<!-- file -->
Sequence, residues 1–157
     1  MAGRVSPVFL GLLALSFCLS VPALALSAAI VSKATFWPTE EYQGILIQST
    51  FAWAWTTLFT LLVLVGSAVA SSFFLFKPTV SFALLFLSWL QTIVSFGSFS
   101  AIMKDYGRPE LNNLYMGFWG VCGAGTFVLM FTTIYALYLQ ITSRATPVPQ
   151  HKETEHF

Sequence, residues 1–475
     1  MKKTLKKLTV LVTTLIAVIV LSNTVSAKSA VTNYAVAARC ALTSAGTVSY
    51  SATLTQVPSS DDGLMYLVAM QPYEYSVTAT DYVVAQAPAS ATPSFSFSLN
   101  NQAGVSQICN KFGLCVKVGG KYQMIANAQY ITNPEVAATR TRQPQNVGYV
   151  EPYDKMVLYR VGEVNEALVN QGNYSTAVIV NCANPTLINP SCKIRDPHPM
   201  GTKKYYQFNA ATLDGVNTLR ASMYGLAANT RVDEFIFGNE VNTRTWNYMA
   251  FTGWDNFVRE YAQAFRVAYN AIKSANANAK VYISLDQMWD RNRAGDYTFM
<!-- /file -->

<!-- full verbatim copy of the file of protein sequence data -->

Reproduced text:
Sequence, residues 1–157
     1  MAGRVSPVFL GLLALSFCLS VPALALSAAI VSKATFWPTE EYQGILIQST
    51  FAWAWTTLFT LLVLVGSAVA SSFFLFKPTV SFALLFLSWL QTIVSFGSFS
   101  AIMKDYGRPE LNNLYMGFWG VCGAGTFVLM FTTIYALYLQ ITSRATPVPQ
   151  HKETEHF

Sequence, residues 1–475
     1  MKKTLKKLTV LVTTLIAVIV LSNTVSAKSA VTNYAVAARC ALTSAGTVSY
    51  SATLTQVPSS DDGLMYLVAM QPYEYSVTAT DYVVAQAPAS ATPSFSFSLN
   101  NQAGVSQICN KFGLCVKVGG KYQMIANAQY ITNPEVAATR TRQPQNVGYV
   151  EPYDKMVLYR VGEVNEALVN QGNYSTAVIV NCANPTLINP SCKIRDPHPM
   201  GTKKYYQFNA ATLDGVNTLR ASMYGLAANT RVDEFIFGNE VNTRTWNYMA
   251  FTGWDNFVRE YAQAFRVAYN AIKSANANAK VYISLDQMWD RNRAGDYTFM